Tuesday, 30 June 2009

The Reluctant Fundamentalist

The Reluctant Fundamentalist, by Mohsin Hamid, is not – as one is likely to assume from the title – another novel about terrorists or religious fanaticism. It is the monologue of a young man’s infatuation with America, his successful career there, unsuccessful love affair and eventual disenchantment with it all.

Over a meal in Lahore, Changez, the protagonist, explains to an American stranger at this table how he won a scholarship to Princeton and secured a top job in New York. He had felt a bit of an outsider until he moved to New York in 2001, where he loved his new office job and the buzz and cosmopolitan mix of the city. Until he heard about the 9/11 attacks.

When he heard about the attack he smiled. This surprised him. He began to question his view of America. And he began to question the ethos of his employers business - one in which he had to ‘focus on the fundamentals’ – the bottom line (the irony of the title?). This led him to question how he could live in luxury in the USA whilst his fellow countrymen were living on the breadline with American soldiers in their midst.

Working on the valuation of a company, the owner likens him to a janissary. Already a little disenchanted with his role, the discrimination he encounters and the ignorance about world affairs, Changez finds himself in a quandary: is he too working against the interests of his own Pakistan community and culture.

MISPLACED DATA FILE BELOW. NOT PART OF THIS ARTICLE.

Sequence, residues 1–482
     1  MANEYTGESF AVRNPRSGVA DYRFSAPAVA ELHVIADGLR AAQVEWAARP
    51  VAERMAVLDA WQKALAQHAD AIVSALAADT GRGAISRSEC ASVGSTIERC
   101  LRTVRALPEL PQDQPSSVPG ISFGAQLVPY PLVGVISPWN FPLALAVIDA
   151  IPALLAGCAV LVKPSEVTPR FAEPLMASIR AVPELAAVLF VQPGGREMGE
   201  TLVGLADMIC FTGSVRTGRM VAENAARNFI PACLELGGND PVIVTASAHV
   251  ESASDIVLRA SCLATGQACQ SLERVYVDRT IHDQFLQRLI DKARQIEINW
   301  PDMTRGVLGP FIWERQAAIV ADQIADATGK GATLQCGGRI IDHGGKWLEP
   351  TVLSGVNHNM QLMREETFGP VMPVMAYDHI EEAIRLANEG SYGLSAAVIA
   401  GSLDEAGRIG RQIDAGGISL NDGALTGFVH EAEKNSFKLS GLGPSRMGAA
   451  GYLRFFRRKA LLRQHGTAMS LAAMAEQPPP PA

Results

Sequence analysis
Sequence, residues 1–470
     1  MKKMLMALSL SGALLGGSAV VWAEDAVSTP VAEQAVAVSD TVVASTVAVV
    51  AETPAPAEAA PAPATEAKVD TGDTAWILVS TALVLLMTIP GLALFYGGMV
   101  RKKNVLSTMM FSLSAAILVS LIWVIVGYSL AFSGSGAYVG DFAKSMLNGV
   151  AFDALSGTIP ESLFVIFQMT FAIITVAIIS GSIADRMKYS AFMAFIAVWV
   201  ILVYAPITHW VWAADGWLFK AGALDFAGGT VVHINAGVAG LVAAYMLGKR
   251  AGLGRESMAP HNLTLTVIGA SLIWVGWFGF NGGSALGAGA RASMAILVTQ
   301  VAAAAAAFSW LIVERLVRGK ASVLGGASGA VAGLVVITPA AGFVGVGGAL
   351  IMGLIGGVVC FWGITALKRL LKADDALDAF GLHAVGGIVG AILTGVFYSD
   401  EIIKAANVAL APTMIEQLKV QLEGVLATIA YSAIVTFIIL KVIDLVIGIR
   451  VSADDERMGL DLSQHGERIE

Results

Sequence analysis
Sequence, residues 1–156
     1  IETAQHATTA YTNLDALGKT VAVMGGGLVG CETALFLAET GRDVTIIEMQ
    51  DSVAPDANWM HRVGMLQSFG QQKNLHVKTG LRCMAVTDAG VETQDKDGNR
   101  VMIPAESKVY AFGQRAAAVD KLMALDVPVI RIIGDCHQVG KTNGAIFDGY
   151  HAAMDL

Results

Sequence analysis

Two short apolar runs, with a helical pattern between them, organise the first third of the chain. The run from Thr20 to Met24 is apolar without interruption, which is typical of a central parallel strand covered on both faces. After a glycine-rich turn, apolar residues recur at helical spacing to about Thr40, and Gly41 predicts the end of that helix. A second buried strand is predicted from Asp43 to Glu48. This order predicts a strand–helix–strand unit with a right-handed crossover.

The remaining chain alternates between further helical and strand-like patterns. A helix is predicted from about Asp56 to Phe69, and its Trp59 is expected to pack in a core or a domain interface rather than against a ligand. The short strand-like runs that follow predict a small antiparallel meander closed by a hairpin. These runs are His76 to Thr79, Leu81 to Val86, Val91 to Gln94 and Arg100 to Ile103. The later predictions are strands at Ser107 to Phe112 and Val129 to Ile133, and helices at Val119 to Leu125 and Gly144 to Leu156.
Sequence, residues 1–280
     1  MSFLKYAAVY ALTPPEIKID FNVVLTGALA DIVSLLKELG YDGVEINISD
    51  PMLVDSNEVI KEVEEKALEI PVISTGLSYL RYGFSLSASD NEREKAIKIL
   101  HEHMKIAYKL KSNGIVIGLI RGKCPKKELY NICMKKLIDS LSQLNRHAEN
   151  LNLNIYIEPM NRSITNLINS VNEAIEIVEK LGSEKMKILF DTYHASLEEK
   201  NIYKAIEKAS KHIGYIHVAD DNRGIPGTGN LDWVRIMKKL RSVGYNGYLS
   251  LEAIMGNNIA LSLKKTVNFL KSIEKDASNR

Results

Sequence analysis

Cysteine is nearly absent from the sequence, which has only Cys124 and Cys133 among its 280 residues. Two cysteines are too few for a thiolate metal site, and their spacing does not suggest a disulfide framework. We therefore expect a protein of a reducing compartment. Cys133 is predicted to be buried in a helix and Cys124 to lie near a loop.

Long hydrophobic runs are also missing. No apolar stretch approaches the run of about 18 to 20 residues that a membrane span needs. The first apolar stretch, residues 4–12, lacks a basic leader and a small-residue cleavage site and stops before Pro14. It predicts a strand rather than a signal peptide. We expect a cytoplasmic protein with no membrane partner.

He explains to the American how he gave up his job in America and now works for the university in Lahore organizing anti- American protests. We, the readers, feel at every point that the American is about to hear about the reluctant radicalization of Changez. In turn, Changez asks us to consider whether every Muslim who criticizes America is a fundamentalist.

Alongside the indoctrination of Changez into the corporate world is interwoven his love for Erica, a friend from Princeton. She is as obsessed with her past - the sweetheart who died young - as Changez is with her and his work. The novel would have worked just as well without this love angle: the character of Erica lends nothing to it, and is not quite believable.

Changez, the narrator, notes that the American is on a “mission”, is constantly on his mobile phone, has a holster-like bulge in his jacket and is uneasy with the waiters hanging around. I would be a spoil sport to explain what happens at the end of the book: will it end in the demise of Changez or the American? Hamid keeps the reader guessing.

The Reluctant Fundamentalist is very well written as is to be expected from anything shortlisted for the 2007 Man Booker Prize. Our groupie host gave us a very full background to the novel, the slightly clunky allegorical references (America/Erica both look to the past, Changez/changes etc) and the author’s other rather obvious devices.

We all agreed that the theme was both moral and political. A few thought of it as a love story, most as a thriller. But two of the group found it trite, and one took exception to one message in the book that 9/11 brought home to America what the rest of the world had suffered so long.

When I noted that dates in the story did not quite add up – Changez’ time in the USA, the date of the World Trade Centre attack etc – it was interesting to learn that Hamid had started the book before the attacks and only incorporated the event later. It won’t be the last book to use 9/11 as a disaster to pin stories on, nor the last to examine East/West conflicts. But The Reluctant Fundamentalist is a thought provoking novel, and an enjoyable and easy one to read at that.


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